noh’s Tim Hewitt-Coleman Talks to University of Cape Town final year Structural Engineering class.

Tim spent some time this week speaking to the Final Year class of Structural Engineering students at UCT ….. the Theme of my talk : “Toward a Multidisciplinary Approach to Design in the Built Environment.” – Perhaps you too may find this interesting.

https://youtu.be/f6m_dNilYX4

Towards one world, one government

This Piece first appeared in The Herald on 15 April 2020

I know that there are a great many people that are experiencing intense discomfort and suffering right now during this COVID 19 crisis. I, though, am in the very fortunate position to say that I am not one of them. I am not ill. My family and loved ones are all well. I am safe and I have enough bully beef and two-minute noodles in my kitchen cupboard to last me till the end of lockdown. (and probably a quite a little beyond) I have been very fortunate be able to continue working. You see, I was very lucky to be able to quickly relocate my little household to the flatlet at my sub-urban office. It’s actually very comfortable and it gives me the ability to be at “mission control” while my exceptional team have continued almost seamlessly to work from their rapidly established home offices via, VPN, Email and WhatsApp (and of course our new friend, Zoom)

Strangely though, I see that in spite of these longer working hours, (that “home office” arrangements tend to result in) I am finding much more time for reading, meditating and reflecting. I suppose it’s the simple nett effect of spending less time running up and down.

In fact, I was reflecting just this morning (over a luxuriously drawn out, yet mediocre, cup of coffee) how true it is that in times of crisis we come to see what is of value. To me it is clear as day that there is great value in remaining connected, in having loved ones to care for and to be cared for by and in having a curious mind. But there is also a whole list of things that I can now see that have no value and that I’ve been doing simply out of the force of habit and not because I’ve thought them through. In this list I include, meeting reps, commuting, mindless meetings, daily shopping and even my morning fix at Seattle Coffee shop! But in addition to the personal stuff, my mind begins to wonder about what it is that we have been doing habitually on political scale, that we can now begin to see makes no sense at all.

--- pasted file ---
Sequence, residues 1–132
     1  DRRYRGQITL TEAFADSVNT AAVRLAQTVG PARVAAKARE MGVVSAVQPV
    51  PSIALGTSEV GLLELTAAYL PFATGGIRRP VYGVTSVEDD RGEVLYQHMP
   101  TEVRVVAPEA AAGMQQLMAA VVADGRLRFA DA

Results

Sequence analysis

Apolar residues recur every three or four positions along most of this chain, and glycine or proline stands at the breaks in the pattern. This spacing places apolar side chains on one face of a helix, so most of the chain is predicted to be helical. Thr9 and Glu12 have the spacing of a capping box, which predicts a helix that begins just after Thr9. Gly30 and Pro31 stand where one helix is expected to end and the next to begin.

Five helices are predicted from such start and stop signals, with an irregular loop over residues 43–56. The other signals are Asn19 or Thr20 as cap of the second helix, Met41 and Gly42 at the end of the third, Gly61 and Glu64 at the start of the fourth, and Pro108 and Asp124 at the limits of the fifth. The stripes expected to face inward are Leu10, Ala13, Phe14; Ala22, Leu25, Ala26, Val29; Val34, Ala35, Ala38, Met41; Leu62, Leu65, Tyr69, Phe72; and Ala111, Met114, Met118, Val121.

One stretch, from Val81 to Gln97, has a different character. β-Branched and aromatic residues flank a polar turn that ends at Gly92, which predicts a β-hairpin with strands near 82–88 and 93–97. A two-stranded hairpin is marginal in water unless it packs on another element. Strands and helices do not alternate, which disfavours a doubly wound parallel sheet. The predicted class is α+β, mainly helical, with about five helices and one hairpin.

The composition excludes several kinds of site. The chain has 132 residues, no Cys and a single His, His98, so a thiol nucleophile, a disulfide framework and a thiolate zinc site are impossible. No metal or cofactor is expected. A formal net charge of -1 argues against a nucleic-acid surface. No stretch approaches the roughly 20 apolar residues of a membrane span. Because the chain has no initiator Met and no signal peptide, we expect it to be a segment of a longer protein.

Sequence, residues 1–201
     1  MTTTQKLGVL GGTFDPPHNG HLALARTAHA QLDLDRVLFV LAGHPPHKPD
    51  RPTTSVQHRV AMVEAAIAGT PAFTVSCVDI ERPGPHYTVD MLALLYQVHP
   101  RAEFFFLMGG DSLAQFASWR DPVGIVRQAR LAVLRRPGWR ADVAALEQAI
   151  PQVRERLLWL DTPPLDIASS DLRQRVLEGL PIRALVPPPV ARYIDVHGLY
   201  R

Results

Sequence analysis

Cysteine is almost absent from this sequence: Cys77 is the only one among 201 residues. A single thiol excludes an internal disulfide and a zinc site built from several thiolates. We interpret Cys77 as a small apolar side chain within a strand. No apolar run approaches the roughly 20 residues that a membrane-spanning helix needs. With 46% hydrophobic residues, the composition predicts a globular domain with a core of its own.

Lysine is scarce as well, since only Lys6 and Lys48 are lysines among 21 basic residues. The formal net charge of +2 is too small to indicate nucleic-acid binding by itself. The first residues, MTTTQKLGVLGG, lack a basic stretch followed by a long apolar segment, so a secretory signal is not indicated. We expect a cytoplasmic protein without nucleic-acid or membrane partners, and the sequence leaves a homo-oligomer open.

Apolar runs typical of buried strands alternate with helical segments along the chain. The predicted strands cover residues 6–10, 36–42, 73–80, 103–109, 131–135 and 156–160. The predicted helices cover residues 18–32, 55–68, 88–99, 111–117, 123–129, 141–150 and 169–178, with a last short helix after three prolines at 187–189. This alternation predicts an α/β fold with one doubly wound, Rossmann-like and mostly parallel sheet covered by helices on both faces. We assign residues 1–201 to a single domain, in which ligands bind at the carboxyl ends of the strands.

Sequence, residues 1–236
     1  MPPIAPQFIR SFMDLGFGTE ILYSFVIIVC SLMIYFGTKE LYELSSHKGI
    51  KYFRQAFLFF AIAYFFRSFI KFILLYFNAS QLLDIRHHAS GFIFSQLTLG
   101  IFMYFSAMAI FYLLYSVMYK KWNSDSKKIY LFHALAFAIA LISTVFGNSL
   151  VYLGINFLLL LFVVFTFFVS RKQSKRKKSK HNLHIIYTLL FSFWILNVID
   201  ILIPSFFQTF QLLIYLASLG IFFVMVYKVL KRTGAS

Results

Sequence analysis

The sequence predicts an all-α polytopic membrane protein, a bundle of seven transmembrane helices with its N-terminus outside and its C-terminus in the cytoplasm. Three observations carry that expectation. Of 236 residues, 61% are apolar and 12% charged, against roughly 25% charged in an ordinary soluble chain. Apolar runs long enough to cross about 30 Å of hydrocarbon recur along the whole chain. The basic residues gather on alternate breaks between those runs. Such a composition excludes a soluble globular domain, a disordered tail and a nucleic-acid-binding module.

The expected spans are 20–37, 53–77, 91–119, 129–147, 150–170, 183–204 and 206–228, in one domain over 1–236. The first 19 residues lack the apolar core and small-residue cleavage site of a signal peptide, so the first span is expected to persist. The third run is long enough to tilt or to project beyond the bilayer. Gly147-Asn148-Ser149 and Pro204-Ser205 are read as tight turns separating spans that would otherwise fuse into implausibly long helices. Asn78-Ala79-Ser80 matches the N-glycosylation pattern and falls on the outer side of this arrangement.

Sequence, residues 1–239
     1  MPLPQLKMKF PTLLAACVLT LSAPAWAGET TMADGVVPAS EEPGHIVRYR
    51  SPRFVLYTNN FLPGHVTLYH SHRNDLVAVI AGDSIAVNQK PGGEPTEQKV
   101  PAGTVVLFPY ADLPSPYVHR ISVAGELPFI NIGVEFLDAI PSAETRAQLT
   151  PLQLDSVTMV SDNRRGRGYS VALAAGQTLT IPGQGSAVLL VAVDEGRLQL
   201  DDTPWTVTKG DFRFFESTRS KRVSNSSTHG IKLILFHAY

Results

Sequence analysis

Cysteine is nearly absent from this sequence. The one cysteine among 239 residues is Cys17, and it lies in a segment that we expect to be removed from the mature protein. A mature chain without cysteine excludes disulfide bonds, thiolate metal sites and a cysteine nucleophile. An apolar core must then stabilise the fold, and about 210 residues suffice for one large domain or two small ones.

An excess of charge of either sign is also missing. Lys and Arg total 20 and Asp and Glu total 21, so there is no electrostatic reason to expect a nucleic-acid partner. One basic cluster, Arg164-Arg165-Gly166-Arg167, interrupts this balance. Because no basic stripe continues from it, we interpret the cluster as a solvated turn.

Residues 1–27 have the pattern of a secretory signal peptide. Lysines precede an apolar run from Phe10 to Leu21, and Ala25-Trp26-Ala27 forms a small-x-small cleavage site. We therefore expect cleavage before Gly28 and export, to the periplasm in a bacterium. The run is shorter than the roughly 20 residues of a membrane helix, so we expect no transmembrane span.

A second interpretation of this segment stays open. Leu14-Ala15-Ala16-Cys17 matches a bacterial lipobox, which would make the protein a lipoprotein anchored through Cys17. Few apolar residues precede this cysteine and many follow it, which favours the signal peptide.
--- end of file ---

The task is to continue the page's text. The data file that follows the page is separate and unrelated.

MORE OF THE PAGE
There can be no doubt that the COVID-19 crisis is making it abundantly obvious that the world’s political systems are not designed (if they are designed at all) to be able to address any of the significant threats that face our species. As we speak, governments, presidents and sovereigns around the world are attempting to combat a global pandemic with political mechanisms and tools evolved to deal with the challenges and threats at a state level. This will simply not do!

From what I can gather, it seems that over the last 200 000 years or so, our species has formed itself into groups of varying size in order to deal with the prevailing threat of the time. In that way genes were passed down that gave the ability and inclination to function as a family unit where the duties of food gathering, child rearing and protection could be shared, thus warding of the ever present threat of starvation or attack. As time went on larger communities begun to make more sense. If the warlike clan across the river from you had 150 strong men, then you better be sure that you had 160 strong men in order not to be annihilated by them in times of scarcity. Historians tell us, that larger and larger competing political systems arose over the centuries so as to defend themselves against continually growing threats. This pattern has continued to the point where, by the time World War 2 came around, states had such large armies that they could (and did) cause the deaths of over 26 million people. It is the various parliaments, military councils and royal houses of the exact same type that engaged in World War 2, that, to this day, still take decisions that are meant guide our precious planet.

When I think of it, I struggle to find one single problem of any significance that our species is facing that is in fact not global in scale. Climate change is a global problem, nuclear proliferation is a global problem, human trafficking is a global problem, as are poverty, population, migration, water scarcity and habitat destruction.

The threats that we face as a species right now require that we take immediate action to move to the next logical step in political organisation. This is of course the incredibly complicated step of forming a new and overarching global government. This is where our energy should be focused. Debating and discussing what this kind of government should look like and what its powers should be. The discussion must start now, ahead of the next crisis, that we know will come and whose shape we know we are notoriously bad at predicting. We need to know that the conspiracy theorists, the flat earthers and the anti-vaxxer types will have a lot to say about a “return to colonialism” and the illuminati lizard people taking over. We will need to rationally and calmly weather this storm. Each of us will need to take to the streets (or to Twitter) and make our voices heard in what will surely be a brutal fight toward One World, with One Government.

We may, with time, come to see this pinnacle of all achievements as the lasting legacy of this terrible virus.